“I have the most respect for Quebecers,” Freeland said. “And I trust them to listen carefully to what we are committing to in our platform to look carefully at what our government has done already.

And I trust them to make the right choice for themselves.”

The spiciest exchange during Wednesday’s debate concerned issues of Quebec identity and representation.

An animated Trudeau turned on Blanchet late in the debate, proclaiming he is also a “proud Quebecer” and that Blanchet does not have a monopoly on the province.

“You keep forgetting: I’m a Quebecer,” Trudeau said, his face flushed, while a small smile slid across Blanchet’s. “I have always been a Quebecer, I will always be a Quebecer.

“You have no right to consider me not a Quebecer.”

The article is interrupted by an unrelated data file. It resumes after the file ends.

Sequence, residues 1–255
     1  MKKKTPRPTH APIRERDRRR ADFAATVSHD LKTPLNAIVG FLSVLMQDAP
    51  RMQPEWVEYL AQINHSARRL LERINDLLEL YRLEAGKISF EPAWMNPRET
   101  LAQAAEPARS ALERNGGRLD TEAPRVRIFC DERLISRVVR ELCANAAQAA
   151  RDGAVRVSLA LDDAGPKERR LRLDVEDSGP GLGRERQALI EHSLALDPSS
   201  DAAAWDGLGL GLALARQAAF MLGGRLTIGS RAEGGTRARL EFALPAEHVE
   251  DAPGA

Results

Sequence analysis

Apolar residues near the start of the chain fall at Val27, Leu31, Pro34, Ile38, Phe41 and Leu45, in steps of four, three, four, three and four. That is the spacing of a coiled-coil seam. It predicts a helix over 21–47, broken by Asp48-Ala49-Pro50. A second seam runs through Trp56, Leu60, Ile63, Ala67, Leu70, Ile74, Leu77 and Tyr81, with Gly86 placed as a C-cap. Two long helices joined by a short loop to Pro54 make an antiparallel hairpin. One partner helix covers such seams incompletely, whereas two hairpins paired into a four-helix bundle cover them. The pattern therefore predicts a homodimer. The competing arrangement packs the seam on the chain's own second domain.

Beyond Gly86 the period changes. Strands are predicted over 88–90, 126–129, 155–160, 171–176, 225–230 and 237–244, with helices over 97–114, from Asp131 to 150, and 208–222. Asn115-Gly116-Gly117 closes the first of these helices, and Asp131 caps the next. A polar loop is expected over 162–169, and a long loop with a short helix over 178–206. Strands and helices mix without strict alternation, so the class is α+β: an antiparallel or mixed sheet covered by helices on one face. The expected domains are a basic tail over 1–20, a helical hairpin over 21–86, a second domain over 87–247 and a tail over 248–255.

Blanchet conceded to reporters in English after the debate that it was “probably true” that Trudeau was as much a Quebecer as him.

“But in terms of institutions, this is the Assemblee nationale du Quebec which speaks for Quebec,” he said, referring to the French name for the provincial legislature, adding that Quebecers are “obviously not” a monolith.

Paul brought a personal touch to the federal debate, the first for the 11-month Green leader, noting her father’s death in a long-term care home during the pandemic’s second wave. She also said she sees Greens as “allies” to First Nations, citing her own experience as part of a diaspora robbed of its traditional culture.

Singh said he would “completely agree” that Indigenous languages should be recognized as official, going further than other leaders asked on the topic Wednesday.

This report by The Canadian Press was first published Sept. 9, 2021.

-With files from Jacob Serebrin in Montreal, Allison Jones in Toronto and Lee Berthiaume in Ottawa.